In the second part of the research is treated the most important event of the adult life of Meandash - getting married. Marriage between a man and an animal is based on totemistic conceptions. The stories of Meandash finding a wife and marrying her can be divided into two or three Subgenres. Of the first, the author knows only three versions, of the second twelve versions, but of the third - unless it is a forage or a combination of occasions - only one.
The first subgenre is characterized by marrying a wife from beyond the river of blood, the second by a threesome of suitors (a raven, a seal and a reindeer), and the third by the bride observing how the food is prepared, which is forbidden. In the first subgenre, the totemistic and shamanlike way of thought is reflected, in which a reindeer man marries a mortal. The river of blood is in the Lapp conceptions the border separating the human and the mythical reindeer world. It is a border between the world of life and death, companions and ancestors. This border can only be crossed by a shaman, who turns into an otter (compare "Kalevala" XVI: 369-372), or uses incantations to make the river dry. In the latter case he uses alder cambium which is analogous to blood. In these stories is represented the motif of a house built of reindeer bones (Compare "Kalevala«, XXI: 159-162). Thus the house of the mythical reindeer is the reindeer himself. Here is expressed the microcosm of the Lapps and the traditions connected with the skeleton. The threshold of the reindeer's house were neckbones. It seems that the semantics of the neck has not been awarded proper attention in the Finno-Ugric religion history. The purposes of telling stories of getting married were 1) passing on information about the ancestors of the tribe and 2) separating the moral from the immoral for didactic purposes.
Subgenres of the second kind express the way the reindeer people were imagined to be and to emphasize the benefits of originating from the reindeer rather than from the raven or the seal (distinctions are drawn between the own and the foreign). Everything connected with the house in the stories of this subgenre reflects the opposition pair culture - nature. Meandash is in the house as an anthropomorphic being, but in nature he acts as an animal. He enters the house through the backdoor that is usually used to bring in prey; but the reindeer of our story is at the same time the hunter and the prey as he is hunting those like him.
What rises from there, blue from the swamp,/ blue from the swamp, red from the earth? The article deals with red and blue in runo songs.
The usage of color words in runo songs depends on: the possibilities of the existing language; the poetics of the runo song, the regional style, the world concept at the time of the runo song's creation.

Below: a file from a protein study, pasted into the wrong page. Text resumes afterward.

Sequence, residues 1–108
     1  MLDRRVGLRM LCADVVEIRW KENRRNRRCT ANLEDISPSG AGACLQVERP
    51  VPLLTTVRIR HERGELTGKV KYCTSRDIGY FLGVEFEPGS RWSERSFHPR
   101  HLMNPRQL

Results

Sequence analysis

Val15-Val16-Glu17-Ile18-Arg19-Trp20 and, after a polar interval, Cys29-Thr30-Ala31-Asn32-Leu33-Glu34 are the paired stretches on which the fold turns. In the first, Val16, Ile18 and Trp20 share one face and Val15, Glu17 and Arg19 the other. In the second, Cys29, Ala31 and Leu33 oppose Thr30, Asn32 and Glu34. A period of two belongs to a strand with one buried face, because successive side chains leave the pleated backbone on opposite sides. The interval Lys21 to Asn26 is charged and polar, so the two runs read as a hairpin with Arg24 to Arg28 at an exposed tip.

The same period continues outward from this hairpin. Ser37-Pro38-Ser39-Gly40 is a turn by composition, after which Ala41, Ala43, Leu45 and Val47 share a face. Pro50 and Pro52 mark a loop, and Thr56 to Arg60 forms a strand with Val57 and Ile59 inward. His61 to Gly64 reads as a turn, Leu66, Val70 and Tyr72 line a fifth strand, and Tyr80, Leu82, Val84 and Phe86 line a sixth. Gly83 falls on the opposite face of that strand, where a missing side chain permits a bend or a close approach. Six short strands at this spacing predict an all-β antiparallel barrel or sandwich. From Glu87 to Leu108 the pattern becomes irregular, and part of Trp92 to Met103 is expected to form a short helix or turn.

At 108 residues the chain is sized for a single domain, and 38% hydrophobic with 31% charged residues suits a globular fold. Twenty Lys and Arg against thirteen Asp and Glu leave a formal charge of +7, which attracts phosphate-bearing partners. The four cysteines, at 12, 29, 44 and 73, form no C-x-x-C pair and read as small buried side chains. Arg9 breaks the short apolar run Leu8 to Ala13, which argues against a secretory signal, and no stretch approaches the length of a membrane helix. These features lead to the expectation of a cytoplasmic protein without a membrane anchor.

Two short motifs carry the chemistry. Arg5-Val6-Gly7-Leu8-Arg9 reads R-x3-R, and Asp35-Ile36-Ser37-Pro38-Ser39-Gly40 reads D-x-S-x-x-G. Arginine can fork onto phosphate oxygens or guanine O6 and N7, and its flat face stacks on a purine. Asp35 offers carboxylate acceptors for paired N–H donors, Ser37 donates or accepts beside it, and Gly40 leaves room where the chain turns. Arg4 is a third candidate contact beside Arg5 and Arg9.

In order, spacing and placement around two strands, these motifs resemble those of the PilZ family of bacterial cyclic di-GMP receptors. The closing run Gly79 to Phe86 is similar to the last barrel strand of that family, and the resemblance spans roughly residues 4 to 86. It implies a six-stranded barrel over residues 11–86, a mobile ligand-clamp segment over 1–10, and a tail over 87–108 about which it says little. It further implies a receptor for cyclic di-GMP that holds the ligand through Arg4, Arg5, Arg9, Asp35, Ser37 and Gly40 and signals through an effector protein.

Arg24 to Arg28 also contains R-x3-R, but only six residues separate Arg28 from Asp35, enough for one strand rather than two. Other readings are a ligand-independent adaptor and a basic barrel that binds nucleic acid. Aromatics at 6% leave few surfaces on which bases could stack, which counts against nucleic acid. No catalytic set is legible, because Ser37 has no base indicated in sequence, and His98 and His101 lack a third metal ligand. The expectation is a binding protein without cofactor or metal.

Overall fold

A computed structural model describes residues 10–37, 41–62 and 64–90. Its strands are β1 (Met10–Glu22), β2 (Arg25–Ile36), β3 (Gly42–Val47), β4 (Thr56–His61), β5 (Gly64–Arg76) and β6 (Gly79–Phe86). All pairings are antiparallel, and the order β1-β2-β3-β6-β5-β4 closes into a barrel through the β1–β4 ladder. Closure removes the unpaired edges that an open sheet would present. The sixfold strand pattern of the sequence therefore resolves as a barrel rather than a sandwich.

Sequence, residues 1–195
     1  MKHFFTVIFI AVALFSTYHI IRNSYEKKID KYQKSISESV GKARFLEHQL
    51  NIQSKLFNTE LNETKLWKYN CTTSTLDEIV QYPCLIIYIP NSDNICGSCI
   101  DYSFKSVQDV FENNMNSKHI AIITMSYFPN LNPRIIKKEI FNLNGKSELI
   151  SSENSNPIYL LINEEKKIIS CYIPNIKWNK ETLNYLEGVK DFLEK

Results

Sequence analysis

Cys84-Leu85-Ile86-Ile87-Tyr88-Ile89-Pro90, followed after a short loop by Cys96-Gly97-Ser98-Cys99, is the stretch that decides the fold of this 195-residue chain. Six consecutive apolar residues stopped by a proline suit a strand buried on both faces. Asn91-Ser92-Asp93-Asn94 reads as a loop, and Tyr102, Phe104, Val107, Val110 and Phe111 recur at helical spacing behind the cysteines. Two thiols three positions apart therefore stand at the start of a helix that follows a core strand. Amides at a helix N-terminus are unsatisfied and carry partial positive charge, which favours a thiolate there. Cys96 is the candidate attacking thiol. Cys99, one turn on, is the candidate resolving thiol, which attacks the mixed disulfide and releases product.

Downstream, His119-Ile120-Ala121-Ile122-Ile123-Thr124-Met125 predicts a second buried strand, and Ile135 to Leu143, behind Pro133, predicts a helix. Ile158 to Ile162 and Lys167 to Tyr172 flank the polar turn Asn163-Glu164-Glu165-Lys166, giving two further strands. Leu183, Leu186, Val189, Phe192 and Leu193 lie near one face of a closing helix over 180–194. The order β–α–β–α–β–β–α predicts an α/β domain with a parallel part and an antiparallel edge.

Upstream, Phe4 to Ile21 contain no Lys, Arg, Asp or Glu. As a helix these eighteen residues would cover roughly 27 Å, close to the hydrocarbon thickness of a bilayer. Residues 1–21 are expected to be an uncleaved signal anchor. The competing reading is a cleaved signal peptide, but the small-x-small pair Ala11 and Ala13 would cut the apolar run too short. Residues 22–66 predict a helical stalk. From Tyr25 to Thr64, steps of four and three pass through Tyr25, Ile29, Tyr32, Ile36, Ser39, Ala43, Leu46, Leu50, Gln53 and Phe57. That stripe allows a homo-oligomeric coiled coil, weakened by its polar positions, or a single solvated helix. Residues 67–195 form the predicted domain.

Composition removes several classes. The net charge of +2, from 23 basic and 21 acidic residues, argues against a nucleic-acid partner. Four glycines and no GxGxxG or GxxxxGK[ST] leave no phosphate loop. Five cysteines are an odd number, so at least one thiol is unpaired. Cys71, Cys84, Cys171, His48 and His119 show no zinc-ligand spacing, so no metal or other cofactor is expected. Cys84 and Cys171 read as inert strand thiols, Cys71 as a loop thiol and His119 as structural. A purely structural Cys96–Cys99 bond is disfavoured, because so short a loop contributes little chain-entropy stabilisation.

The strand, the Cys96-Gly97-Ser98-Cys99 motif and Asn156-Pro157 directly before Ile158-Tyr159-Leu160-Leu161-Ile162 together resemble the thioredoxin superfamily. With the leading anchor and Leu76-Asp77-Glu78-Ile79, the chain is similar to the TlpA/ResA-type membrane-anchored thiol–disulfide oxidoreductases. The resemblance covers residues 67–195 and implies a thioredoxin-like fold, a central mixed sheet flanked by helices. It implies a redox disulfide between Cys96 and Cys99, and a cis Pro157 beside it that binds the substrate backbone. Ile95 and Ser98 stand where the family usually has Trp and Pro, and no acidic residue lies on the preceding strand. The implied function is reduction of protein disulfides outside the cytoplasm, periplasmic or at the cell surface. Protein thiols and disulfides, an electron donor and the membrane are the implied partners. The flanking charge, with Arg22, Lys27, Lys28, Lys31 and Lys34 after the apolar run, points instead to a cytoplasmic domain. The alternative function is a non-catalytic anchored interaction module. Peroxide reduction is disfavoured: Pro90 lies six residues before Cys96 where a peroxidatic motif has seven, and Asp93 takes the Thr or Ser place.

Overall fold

The frequency of using color words depends on the song's plot (they are mostly connected with marring fantasies and puzzle songs) and inside that, on its turn, on the song type. Colors are connected with not a certain song but rather with historically developed stereotypical phrases. In a runo song they mark certain situations or phenomena. Blue and red in parallel verses hint to border situations in man's life (wedding, birth) or in nature (the border of night and day). The pair of colors has other meanings as well as it is statistically often found and semantically many-sided.
Of 772 songs, color names were mentioned in 175 and all in all 37 different color words were used. Of the contemporary Estonian well-known color names were used red, blue, gray, black, white, rarely were used green and yellow from the list were absent brown, pink, violet, orange. Runo songs were recorded in the 19th century. Black, white, red, blue became the basic color names already before the 17th century. Instead of yellow, golden is often used. Green as a basic color name has been known since the middle of the 17th century and is found in runo songs only occasionally. Brown - a loan word from the 18th century - is not at all found in runo songs. From this we can not actually conclude that the stereotypical runo song expressions connected with color words had been formed before the 17th century. For example we often meet in runo songs the word gray as a basic color name, but it became a basic color only in the 18th century. At the same time, the earlier basic color name bright (`haldjas') noting green, is absent in runo songs (it is used in the contemporary meaning that marks shining, glowing or the color of a limited group of notions - i.e. the greenness of trees). The glossary of runo songs was still developing in the 18th century. Earlier color names (white, black, red, blue) give ample stereotypical expressions, red-blue in different meanings and word pictures.